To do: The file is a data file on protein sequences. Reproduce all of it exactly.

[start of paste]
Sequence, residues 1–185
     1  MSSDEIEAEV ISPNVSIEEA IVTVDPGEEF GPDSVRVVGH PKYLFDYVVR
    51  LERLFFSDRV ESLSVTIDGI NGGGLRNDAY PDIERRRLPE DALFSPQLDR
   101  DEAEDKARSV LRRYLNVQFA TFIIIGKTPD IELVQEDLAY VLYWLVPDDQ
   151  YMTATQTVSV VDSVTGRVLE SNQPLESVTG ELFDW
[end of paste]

Sequence, residues 1–185
     1  MSSDEIEAEV ISPNVSIEEA IVTVDPGEEF GPDSVRVVGH PKYLFDYVVR
    51  LERLFFSDRV ESLSVTIDGI NGGGLRNDAY PDIERRRLPE DALFSPQLDR
   101  DEAEDKARSV LRRYLNVQFA TFIIIGKTPD IELVQEDLAY VLYWLVPDDQ
   151  YMTATQTVSV VDSVTGRVLE SNQPLESVTG ELFDW